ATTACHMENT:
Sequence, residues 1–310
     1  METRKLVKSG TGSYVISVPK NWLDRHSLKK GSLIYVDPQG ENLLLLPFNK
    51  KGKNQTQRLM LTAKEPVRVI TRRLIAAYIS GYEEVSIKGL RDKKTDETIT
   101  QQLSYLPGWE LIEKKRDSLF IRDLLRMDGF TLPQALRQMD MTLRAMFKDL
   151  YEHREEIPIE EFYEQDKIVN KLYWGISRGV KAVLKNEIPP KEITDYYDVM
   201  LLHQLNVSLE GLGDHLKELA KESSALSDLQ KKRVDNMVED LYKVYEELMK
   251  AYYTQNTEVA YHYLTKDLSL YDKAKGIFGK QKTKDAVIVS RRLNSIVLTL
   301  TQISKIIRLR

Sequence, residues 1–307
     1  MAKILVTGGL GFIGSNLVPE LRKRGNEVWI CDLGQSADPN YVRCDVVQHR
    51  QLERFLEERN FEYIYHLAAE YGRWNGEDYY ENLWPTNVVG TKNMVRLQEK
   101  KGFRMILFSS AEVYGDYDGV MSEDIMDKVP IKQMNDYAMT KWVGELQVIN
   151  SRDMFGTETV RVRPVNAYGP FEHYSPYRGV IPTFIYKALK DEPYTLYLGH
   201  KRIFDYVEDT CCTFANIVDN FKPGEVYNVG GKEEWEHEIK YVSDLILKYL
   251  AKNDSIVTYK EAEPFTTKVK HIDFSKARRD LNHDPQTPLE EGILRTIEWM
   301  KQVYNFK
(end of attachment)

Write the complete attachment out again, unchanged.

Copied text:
Sequence, residues 1–310
     1  METRKLVKSG TGSYVISVPK NWLDRHSLKK GSLIYVDPQG ENLLLLPFNK
    51  KGKNQTQRLM LTAKEPVRVI TRRLIAAYIS GYEEVSIKGL RDKKTDETIT
   101  QQLSYLPGWE LIEKKRDSLF IRDLLRMDGF TLPQALRQMD MTLRAMFKDL
   151  YEHREEIPIE EFYEQDKIVN KLYWGISRGV KAVLKNEIPP KEITDYYDVM
   201  LLHQLNVSLE GLGDHLKELA KESSALSDLQ KKRVDNMVED LYKVYEELMK
   251  AYYTQNTEVA YHYLTKDLSL YDKAKGIFGK QKTKDAVIVS RRLNSIVLTL
   301  TQISKIIRLR

Sequence, residues 1–307
     1  MAKILVTGGL GFIGSNLVPE LRKRGNEVWI CDLGQSADPN YVRCDVVQHR
    51  QLERFLEERN FEYIYHLAAE YGRWNGEDYY ENLWPTNVVG TKNMVRLQEK
   101  KGFRMILFSS AEVYGDYDGV MSEDIMDKVP IKQMNDYAMT KWVGELQVIN
   151  SRDMFGTETV RVRPVNAYGP FEHYSPYRGV IPTFIYKALK DEPYTLYLGH
   201  KRIFDYVEDT CCTFANIVDN FKPGEVYNVG GKEEWEHEIK YVSDLILKYL
   251  AKNDSIVTYK EAEPFTTKVK HIDFSKARRD LNHDPQTPLE EGILRTIEWM
   301  KQVYNFK